Capital city: Canberra
Population: 23.5 million (ABS)
Government: Federal parliamentary democracy, constitutional monarchy
Currency: Australian dollar (A$, AUD)
Main languages: English
Main religions: Christianity, Buddhism, Islam
The Commonwealth of Australia is made up of six states: New South Wales, Queensland, South Australia, Victoria, Western Australia, and the island state of Tasmania. Each has its own constitution and the power to pass laws, although in the event of legal conflict state law is superseded by Commonwealth law. In addition, there are ten territories which have differing degrees of autonomy, but only two of them (the Australian Capital Territory and the Northern Territory) are on the mainland.
Australians have a reputation for being very laid back, and the country’s naturally temperate weather and outdoor lifestyle certainly help to encourage a relaxed atmosphere which values good work/life balance. With a diverse mix of cultures from the indigenous aboriginal people to the early European settlers and the more recent Asian migrants, modern Australia is very much multicultural. This is reflected in the country's pastimes, lifestyle and customs.
It is estimated that over 85% of people in Australia live within 50 kilometres of the coast, and the beach is certainly central to social life across the country. Surfing and other water sports are particularly popular, and the beach is also a great place to meet up with friends. Rightly considered to be sports-mad, Australians are characteristically active and sports clubs are easily found in most areas. Gym training, cycling and golf are among the top pastimes. Watching sport is also a cultural fixture, with the performance of the Australian cricket and rugby teams a particular source of national pride.
Food and drink
Think of Australian cuisine and immediately you get an image of beers and barbecues. It’s a stereotype, but the ‘barbie’ remains a cultural icon. Restaurants draw on the cosmopolitan nature of the population for influences and fusion cuisine is a growing trend. As such a large island nation, Australia produces a huge amount of seafood. Traditional ‘bush tucker’ influences are also becoming more mainstream, with kangaroo, emu and crocodile meat growing in popularity. Braver tourists may wish to sample a bogong moth or a witchetty grub, although in reality these are yet to catch on with modern Australians!
With every state home to vineyards, Australia is among the world’s top wine producers. It also has a real coffee culture, believed to originate from the large numbers of Greek and Italian immigrants who settled in Australia in the early part of the twentieth century.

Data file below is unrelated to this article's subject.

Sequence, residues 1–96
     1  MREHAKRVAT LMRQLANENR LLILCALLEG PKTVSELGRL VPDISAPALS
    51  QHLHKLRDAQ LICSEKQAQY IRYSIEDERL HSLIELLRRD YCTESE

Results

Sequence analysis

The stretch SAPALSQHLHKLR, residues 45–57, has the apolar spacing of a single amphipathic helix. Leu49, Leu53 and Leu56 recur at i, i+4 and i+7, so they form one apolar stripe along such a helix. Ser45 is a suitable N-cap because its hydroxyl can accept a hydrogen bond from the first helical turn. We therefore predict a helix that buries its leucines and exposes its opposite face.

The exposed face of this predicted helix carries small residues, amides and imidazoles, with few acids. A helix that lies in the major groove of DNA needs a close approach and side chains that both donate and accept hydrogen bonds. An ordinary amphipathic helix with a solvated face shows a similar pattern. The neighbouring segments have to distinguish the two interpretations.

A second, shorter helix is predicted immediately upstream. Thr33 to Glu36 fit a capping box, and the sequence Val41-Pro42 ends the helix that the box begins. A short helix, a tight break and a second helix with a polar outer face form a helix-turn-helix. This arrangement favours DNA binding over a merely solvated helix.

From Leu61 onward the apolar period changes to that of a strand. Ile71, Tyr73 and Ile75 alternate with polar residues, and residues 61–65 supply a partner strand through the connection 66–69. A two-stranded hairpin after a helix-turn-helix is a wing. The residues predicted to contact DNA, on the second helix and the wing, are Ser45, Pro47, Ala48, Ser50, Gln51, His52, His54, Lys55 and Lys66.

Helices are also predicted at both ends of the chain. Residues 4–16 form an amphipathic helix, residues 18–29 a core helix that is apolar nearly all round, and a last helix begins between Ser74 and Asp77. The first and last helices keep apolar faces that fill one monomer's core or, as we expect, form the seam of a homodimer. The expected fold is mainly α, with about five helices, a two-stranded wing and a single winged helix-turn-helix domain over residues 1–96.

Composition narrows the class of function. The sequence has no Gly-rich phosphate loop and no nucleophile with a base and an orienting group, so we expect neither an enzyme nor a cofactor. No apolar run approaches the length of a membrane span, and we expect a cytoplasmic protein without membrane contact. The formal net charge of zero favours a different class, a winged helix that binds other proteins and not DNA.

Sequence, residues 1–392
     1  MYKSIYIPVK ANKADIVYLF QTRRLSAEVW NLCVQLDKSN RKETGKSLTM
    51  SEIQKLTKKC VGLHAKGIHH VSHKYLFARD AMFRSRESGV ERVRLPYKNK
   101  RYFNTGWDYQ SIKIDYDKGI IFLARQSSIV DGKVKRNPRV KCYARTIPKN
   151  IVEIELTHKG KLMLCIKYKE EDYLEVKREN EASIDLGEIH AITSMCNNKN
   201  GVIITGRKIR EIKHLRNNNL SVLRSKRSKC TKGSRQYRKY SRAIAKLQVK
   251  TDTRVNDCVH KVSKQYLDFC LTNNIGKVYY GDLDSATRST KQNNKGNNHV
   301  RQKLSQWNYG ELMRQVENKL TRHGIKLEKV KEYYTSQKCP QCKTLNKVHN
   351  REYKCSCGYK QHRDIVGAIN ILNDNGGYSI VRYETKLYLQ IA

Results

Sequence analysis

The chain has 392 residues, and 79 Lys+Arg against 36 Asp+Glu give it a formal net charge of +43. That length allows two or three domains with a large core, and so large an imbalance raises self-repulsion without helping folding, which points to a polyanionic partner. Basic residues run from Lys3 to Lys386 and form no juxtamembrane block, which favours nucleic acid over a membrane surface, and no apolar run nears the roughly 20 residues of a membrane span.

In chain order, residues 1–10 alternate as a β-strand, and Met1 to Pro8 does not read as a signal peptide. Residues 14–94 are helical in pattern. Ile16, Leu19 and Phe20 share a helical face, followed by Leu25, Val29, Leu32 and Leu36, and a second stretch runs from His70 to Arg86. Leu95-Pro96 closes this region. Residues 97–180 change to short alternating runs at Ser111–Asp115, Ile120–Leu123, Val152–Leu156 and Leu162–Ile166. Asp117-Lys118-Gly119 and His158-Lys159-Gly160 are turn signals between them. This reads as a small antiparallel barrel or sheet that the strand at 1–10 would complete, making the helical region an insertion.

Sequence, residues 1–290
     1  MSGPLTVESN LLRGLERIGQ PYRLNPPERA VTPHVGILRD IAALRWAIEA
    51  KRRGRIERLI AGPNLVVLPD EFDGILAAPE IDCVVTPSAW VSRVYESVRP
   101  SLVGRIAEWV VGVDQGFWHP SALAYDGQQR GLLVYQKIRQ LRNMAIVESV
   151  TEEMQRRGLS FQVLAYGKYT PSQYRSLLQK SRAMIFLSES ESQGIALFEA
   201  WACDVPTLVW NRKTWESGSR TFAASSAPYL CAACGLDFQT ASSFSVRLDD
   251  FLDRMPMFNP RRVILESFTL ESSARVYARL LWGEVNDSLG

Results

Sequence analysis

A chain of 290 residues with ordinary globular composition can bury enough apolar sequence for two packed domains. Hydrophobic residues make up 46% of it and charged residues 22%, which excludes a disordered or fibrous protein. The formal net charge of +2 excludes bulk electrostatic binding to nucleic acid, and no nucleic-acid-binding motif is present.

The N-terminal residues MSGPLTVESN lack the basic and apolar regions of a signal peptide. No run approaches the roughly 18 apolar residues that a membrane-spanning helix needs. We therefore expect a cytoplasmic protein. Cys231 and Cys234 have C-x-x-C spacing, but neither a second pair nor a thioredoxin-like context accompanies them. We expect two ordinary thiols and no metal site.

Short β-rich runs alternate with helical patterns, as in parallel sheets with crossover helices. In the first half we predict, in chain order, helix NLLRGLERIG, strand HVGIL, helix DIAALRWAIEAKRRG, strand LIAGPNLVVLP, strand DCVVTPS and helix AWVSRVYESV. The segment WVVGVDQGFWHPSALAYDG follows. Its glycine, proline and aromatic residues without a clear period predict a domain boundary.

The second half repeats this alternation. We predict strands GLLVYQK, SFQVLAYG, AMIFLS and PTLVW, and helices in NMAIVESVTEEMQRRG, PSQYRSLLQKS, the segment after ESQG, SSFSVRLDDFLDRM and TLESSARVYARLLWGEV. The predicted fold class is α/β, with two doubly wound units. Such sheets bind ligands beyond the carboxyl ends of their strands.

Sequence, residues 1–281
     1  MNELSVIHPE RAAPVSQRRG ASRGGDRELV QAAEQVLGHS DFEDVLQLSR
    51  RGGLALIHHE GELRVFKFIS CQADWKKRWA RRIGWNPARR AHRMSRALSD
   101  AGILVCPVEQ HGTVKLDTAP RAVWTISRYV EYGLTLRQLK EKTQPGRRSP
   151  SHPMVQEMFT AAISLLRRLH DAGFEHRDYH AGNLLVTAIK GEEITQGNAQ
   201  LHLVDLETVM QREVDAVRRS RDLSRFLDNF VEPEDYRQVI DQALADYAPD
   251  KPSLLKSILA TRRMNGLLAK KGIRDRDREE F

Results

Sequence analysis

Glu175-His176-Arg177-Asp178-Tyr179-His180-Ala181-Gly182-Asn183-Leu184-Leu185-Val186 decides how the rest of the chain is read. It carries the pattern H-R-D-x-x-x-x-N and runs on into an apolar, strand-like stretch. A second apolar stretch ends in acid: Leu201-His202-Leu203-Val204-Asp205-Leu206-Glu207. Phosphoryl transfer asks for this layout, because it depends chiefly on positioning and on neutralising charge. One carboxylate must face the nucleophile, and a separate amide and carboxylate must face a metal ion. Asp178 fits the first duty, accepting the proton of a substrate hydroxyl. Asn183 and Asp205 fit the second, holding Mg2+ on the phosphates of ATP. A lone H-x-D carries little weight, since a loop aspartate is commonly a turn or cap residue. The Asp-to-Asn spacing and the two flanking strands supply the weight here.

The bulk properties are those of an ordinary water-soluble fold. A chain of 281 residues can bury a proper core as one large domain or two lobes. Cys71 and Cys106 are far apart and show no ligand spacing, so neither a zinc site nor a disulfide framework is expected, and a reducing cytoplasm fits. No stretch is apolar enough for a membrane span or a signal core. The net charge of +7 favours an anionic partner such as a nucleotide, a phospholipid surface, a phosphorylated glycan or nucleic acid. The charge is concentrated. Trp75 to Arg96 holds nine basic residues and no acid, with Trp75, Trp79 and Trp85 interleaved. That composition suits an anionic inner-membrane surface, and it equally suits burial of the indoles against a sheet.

Australia does not have an official language, but the vast majority of people speak English. However, census data from 2011 showed that only 76.8% of households spoke English as the sole language, again demonstrating the multicultural nature of the country. Mandarin, Italian and Arabic ranked among the most spoken minority languages. It is estimated that there were once over 400 aboriginal languages spoken in Australia, but just 15 survive in active use today.
Compared to British English, there are relatively few variations in the Australian accent. These differences tend to be dictated more by social factors than geography, although there are some regional characteristics too. Linguists categorise the Australian accent into three types:
- General – the most commonly occurring accent, typified by someone like Hugh Jackman
- Broad – widely spoken in rural areas, with Paul Hogan a good example
- Cultivated – less common among younger Australians; Geoffrey Rush speaks with a cultivated accent
True to its sunny reputation, the majority of Australia experiences temperate weather for most of the year. The north is warm virtually all the time, while the southern states are cooler in winter but rarely reach freezing temperatures. Surprisingly, Australia does have snowfall on higher ground in winter, meaning that there is skiing on offer in the mountainous areas of New South Wales, Victoria and Tasmania.
Safety and security
Australia is generally a safe place, with low crime rates compared to other developed countries. Petty criminals such as pickpockets and thieves may target tourists, particularly in urban areas, so remain alert to the possibility.
The wildlife of Australia has a famously deadly reputation, with varieties of spiders, snakes, jellyfish and sharks all reported as capable of killing humans. In reality the risk from these creatures is very low – just make sure you follow advice when walking in the outback or swimming in the sea.
The extremes of Australian weather are probably a greater danger than its wildlife. In the heat of summer it’s important to stay hydrated, to carry water when travelling and to keep applying sun block. Wildfires are also a potential hazard in hot periods, while in the cyclone season from November to April the north of the country can also experience floods.